Manifest Disregard and Other Standards of Review

As mentioned in prior posts, SILC has a particular soft spot for international arbitration. Not only is the procedure fascinating, it is increasingly becoming the primary way to resolve international disputes. As part of our interest in the area, we frequently publish articles on the topic, and the journal Lima Arbitration recently published an article from the office on a topic of general interest to the international arbitration community–extra-statutory standards of review.

As described in the article, extra-statutory standards of review are all of those grounds for review of an arbitration award that fall outside the terms of the applicable statute. In the United States, these grounds of review appear almost exclusively in the interpretation of chapter one of the Federal Arbitration Act, which applies largely in cases of domestic arbitration. The extra-statutory standards of review focus largely on “manifest disregard of the law,” a phrase deriving from an opinion of the Supreme Court in the 1950′s and growing to mean that a court can vacate an arbitral award when the arbitrator knew of the applicable law and chose not to apply it. Different circuits have approached extra-statutory standard of review in many ways, using terms such as “arbitrary and capricious,” “completely irrational,” and “fundamentally irrational.” But after the Supreme Court’s in Hall Street Assoc. v. Mattel in 2008, many courts have started questioning extra-statutory standards of review. Our article reviews the history of these standards of review, looks at the current state of the law, and puts forward an approach for courts to look at challenges to arbitration awards.



Top Ten Tips for Brazilian Negotiations

There’s something about top ten lists that engages the reader but still provides helpful information. As part of the Association of Corporate Counsel’s ongoing “top ten” series, Mauricio and I teamed up with Christiana Abbade do Couto, General Counsel for Iron Mountain do Brasil, to create our own list of Top Ten Tips when Negotiating Contracts in Brazil.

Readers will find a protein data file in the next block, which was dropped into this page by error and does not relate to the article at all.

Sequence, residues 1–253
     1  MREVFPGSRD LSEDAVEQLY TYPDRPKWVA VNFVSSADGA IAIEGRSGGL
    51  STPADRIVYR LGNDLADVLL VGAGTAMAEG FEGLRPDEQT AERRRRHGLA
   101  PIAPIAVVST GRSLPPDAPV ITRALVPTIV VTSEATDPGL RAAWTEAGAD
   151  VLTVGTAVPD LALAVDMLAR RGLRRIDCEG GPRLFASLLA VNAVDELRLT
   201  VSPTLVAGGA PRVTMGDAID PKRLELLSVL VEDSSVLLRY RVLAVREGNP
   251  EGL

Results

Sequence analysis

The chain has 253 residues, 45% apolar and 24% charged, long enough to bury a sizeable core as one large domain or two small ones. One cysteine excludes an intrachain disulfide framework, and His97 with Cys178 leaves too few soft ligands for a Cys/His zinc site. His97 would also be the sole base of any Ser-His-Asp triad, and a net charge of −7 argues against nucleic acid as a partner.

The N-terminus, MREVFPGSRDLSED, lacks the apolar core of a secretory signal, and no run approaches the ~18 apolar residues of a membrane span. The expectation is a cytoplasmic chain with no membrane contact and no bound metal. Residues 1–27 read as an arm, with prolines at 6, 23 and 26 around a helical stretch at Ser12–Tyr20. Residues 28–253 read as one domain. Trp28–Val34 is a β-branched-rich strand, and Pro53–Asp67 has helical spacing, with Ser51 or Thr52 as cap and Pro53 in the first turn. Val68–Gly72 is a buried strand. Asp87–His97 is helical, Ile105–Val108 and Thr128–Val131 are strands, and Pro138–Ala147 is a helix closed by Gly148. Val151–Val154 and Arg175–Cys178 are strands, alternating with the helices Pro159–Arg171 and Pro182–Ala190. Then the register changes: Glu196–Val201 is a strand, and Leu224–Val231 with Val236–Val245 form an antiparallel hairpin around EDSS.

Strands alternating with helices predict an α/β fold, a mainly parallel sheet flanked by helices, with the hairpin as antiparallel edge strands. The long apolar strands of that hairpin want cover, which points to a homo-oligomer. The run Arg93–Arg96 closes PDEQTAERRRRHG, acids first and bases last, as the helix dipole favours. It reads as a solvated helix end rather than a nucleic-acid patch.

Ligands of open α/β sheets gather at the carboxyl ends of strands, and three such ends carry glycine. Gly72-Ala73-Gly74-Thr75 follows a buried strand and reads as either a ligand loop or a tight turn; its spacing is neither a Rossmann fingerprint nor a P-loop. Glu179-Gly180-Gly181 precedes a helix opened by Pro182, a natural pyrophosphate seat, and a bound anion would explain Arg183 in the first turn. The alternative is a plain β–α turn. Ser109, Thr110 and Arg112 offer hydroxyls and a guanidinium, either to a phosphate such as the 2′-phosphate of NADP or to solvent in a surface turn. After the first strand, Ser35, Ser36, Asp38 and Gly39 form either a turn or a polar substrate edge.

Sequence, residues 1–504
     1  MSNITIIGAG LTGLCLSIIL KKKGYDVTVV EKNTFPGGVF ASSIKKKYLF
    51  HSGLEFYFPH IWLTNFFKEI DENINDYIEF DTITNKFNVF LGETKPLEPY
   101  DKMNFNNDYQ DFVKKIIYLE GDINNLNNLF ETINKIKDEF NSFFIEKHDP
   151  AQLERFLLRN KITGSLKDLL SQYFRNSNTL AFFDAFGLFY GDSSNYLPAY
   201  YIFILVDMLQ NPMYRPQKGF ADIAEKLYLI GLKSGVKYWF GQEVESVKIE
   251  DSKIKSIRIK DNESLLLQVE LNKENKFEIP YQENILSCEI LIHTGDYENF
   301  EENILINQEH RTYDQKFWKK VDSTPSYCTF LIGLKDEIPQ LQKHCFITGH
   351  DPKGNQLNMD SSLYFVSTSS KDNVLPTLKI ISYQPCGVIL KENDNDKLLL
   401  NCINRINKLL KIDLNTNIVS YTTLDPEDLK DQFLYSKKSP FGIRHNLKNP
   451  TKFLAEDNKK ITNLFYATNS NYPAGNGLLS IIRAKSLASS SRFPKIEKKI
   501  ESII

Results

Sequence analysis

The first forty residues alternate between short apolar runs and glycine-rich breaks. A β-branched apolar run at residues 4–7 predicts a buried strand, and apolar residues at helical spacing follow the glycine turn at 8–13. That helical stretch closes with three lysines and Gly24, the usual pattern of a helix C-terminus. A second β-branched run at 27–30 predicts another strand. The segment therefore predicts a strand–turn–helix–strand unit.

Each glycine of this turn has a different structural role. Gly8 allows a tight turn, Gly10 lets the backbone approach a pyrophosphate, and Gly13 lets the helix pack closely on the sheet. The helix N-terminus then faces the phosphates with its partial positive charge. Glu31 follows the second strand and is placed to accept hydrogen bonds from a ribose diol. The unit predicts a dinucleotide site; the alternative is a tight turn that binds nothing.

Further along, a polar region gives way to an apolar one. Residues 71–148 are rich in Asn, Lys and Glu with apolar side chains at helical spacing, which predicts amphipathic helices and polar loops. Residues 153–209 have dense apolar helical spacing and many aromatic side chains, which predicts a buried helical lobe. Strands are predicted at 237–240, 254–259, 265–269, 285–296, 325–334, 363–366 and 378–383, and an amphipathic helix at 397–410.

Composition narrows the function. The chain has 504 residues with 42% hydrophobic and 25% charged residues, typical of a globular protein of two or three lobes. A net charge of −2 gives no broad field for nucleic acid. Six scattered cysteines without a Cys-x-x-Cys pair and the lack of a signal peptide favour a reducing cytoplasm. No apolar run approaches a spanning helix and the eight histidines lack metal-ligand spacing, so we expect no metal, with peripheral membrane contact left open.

Our top ten list contains a range of helpful nuggests, with something for the novice as well as seasoned investor. One of the most interesting topics from recent news events is the influence of FCPA and SOX. From the article, our guide was the following:

“If you have to comply with FCPA and SOX and will contract with Brazilian company, it is best to research and learn about the company quite deeply before contracting with it. Not all Brazilian companies are in compliance with this legislation, and most of Brazilian companies have not heard about these laws. It is important to train your Brazilian counterparty and audit prior contracting.”

This is just the tip of the iceberg, but there is much more lurking underneath. In the coming days, we are going to look a bit more deeply at this issue, including how it can impact both the dispute resolution and transactional spheres of lawyering. What would you include in a top ten list that we failed to mention? Did we miss something?

By Miami SEO and Web Design Company: Target Wide